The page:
Two weeks later the Commonwealth Bank Board acceded to the Commonwealth Government's request that credit of £3 000 000 be provided for wheat-growers. At the same time a request for £5 000 000 credit for the immediate provision of relief work for the unemployed was refused on the basis that such a large amount would endanger the financial fabric of Australia. The banks were only prepared to consider 'reproductive' and financially sound propositions if they were submitted directly to them by local governing bodies.
Regulations determining eligibility for dole payments were tightened in NSW. The provision of any form of relief was made conditional on registration for a continuous period of 14 days, which created consternation among workers like coal miners who might be employed for only a few days each fortnight. However, when the Miners' Federation and the Unemployed Workers' Union called for mass disobedience, the response from workers was muted.12
At the end of October 1931 the Prime Minister launched a propaganda campaign using the slogan 'Confidence is returning'. To encourage employers to recruit staff, he announced early in November 1931 that unemployed workers would be engaged in the relief work of renovating Commonwealth property in each of the States. The enactment of the Appropriation (Unemployment Relief) Act 1931 enabled the use of £250 000 from the Consolidated Revenue Fund to engage relief workers in the pre-Christmas period. Despite the provision of work, confusion ensued, along with complaints of duplication of official agencies and of Commonwealth intrusion on State responsibilities. And then, it appears, J T Lang reached the end of his tolerance of the Scullin Ministry.
In the House of Representatives on 13 November 1931, the Lang Labor group accused E G Theodore of political graft. The group claimed that Theodore had secured political support in his electorate of Dalley by providing foreknowledge of Commonwealth-funded relief work and the means to secure it for Cockatoo Island Dockyard, which adjoined his electorate.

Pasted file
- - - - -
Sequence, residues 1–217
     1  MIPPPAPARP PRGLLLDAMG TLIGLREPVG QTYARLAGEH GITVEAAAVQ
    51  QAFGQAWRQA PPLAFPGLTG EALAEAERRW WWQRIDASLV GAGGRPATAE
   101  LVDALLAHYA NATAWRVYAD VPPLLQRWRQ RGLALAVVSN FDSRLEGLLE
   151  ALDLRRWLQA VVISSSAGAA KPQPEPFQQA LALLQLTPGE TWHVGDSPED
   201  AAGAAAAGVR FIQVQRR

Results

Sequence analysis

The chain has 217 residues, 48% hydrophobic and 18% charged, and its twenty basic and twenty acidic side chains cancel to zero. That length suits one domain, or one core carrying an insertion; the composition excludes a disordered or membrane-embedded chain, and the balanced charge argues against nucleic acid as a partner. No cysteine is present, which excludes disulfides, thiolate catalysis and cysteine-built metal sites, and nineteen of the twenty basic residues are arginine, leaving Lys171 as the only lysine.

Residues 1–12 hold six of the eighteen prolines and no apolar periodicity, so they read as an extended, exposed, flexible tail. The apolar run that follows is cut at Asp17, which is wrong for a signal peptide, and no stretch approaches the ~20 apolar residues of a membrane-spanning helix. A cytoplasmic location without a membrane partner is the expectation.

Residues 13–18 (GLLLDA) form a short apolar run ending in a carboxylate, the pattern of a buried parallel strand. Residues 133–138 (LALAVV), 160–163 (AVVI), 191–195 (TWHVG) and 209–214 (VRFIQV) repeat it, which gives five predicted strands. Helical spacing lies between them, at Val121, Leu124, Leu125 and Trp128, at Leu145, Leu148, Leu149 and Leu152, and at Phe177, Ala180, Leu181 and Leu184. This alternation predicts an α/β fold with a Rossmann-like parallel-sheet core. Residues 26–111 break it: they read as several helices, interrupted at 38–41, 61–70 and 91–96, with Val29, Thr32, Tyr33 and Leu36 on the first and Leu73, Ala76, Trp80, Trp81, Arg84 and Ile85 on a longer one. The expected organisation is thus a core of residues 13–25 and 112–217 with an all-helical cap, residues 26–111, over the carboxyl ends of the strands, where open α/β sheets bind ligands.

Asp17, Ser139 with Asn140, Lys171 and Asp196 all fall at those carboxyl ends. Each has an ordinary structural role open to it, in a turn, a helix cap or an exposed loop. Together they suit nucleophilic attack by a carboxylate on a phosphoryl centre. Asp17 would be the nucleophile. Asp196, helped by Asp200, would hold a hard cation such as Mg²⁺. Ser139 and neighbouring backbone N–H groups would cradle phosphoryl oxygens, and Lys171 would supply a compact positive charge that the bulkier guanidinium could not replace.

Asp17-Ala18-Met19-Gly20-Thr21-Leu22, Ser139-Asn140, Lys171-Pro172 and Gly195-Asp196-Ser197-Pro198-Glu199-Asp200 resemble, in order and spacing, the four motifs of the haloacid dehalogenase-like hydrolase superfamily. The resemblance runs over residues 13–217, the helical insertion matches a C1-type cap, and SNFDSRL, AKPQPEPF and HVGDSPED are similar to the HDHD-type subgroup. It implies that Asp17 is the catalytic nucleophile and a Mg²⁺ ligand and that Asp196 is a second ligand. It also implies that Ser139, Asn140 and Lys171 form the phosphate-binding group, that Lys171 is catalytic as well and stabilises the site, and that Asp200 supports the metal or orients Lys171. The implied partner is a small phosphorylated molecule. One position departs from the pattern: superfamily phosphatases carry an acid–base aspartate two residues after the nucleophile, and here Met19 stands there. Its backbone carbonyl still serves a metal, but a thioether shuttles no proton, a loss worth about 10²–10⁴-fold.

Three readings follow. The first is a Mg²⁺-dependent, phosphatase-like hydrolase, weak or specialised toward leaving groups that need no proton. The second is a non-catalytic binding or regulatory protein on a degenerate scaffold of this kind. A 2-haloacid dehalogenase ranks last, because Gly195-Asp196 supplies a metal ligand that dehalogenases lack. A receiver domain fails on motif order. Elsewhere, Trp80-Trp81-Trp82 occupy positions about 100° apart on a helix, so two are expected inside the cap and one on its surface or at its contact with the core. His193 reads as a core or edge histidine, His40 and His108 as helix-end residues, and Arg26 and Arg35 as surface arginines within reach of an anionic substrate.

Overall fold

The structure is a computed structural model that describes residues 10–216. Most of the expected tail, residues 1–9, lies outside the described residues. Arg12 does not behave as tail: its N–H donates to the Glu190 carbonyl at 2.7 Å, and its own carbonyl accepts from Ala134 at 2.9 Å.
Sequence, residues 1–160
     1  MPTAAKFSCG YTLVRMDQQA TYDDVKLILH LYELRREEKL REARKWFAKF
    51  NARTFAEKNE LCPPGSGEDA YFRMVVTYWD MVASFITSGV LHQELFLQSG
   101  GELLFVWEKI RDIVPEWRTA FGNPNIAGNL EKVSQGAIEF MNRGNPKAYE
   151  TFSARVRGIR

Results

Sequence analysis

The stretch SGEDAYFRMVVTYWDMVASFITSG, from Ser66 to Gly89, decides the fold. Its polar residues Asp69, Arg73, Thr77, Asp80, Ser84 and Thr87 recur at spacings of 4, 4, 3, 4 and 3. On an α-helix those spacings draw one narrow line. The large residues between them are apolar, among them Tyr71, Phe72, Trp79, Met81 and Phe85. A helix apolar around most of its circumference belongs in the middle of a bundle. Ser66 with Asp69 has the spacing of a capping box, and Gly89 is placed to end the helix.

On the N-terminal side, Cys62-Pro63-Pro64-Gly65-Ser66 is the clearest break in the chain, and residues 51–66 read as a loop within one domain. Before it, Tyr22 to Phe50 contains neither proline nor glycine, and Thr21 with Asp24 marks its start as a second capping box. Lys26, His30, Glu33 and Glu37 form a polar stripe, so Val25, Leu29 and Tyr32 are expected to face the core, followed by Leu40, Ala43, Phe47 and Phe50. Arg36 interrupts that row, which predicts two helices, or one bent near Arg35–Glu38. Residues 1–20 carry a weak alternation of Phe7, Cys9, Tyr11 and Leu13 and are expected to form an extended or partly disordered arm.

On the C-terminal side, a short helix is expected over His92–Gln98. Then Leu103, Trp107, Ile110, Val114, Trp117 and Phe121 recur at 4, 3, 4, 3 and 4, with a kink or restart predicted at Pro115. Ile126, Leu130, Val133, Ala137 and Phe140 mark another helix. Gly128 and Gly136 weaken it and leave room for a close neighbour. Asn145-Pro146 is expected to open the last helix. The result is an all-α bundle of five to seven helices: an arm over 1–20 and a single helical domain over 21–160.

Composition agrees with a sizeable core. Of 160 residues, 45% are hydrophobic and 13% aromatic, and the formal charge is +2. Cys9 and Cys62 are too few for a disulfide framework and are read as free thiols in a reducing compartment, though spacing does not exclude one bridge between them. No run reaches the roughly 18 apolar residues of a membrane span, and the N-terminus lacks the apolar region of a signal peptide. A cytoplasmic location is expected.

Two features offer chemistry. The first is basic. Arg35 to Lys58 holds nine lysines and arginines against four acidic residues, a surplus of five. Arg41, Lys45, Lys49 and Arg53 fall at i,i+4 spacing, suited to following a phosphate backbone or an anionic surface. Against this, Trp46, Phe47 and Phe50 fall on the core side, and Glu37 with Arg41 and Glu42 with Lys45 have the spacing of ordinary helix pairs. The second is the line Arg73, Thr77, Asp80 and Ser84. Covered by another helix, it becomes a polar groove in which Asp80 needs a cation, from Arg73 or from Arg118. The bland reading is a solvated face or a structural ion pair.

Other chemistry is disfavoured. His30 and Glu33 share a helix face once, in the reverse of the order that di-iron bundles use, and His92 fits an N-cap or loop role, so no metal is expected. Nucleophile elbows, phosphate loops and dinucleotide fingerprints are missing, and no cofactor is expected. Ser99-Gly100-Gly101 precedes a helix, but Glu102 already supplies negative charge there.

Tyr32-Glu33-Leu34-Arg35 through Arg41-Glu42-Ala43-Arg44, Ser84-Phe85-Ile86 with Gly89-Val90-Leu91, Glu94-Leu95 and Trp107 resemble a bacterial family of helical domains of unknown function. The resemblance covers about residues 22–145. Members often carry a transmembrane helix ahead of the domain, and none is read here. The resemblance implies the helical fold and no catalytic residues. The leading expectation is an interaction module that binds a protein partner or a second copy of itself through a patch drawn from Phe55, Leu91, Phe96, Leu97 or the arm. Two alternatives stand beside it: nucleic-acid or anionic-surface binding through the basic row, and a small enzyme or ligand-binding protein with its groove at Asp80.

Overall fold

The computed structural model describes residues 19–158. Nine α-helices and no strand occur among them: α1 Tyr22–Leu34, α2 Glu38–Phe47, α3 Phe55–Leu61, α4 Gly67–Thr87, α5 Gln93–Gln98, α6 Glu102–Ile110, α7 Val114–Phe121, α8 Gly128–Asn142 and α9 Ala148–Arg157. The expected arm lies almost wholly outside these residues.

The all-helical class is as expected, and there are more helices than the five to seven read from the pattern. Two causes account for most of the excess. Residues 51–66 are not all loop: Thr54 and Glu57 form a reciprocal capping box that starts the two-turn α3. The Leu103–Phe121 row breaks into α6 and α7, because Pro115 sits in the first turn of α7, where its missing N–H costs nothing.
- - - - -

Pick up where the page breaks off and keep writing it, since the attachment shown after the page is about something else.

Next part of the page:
J A Beasley introduced a motion to investigate the matter and Scullin accepted it as a question of confidence in his Ministry. When the vote was taken, Lang Labor, under the leadership of 'Stabber Jack' Beasley, voted with the conservative Opposition and Scullin's Labor Government was defeated. An election for both Houses held on 19 December 1931 proved a sweeping victory for the forces of conservatism. Lyons, leading the United Australia Party, emerged as the new Prime Minister. Scullin led his party in Opposition and Theodore departed the political scene, never to return.
When addressing the assembled State premiers in February 1931, Prime Minister Scullin stated that the main burden of economic depression was being borne by the unemployed and by the primary producers. When, on 21 December 1931, he tendered his resignation to the Governor-General, Australia had already some reason for hope. National income had not improved, but there was some indication that the deterioration of the economy was slowing. Then, too, financial crises both internal and external had been negotiated, however precariously. But the number of people out of work continued to increase. For the unemployed, the nadir of the Great Depression was yet to be plumbed.
|CORRESPONDENCE FILES, MULTIPLE NUMBER SERIES, 1899–1939|
|This series was described in Chapter 1
Quantity: 49.77 metres
Recorded by: 1923–34 Prime Minister's Department (CA 12)
|Unemployment relief grants – awards, conditions and rates of pay, 1931
This item describes some of the problems encountered in the allocation of relief work to the unemployed in Queensland. Included in this item is a letter from the Brisbane City Branch of the Amalgamated Society of Carpenters and Joiners calling on the Commonwealth to ensure that relief workers received award rates of pay and conditions.
The society complained that in Queensland, regardless of the type of work performed, relief workers were paid at a flat rate of £3 per week with no margin for skill. This, the society claimed, was a conspiracy to break down award conditions.
|Unemployment Secretariat Committee – report to Premiers' Conference, 1928–31
This item contains an employment and production report advocating the adoption of 'drastic and perhaps unprecedented measures' to relieve unemployment and prevent a breakdown of the nation's social structure.
|A458, AR502/3 part 4|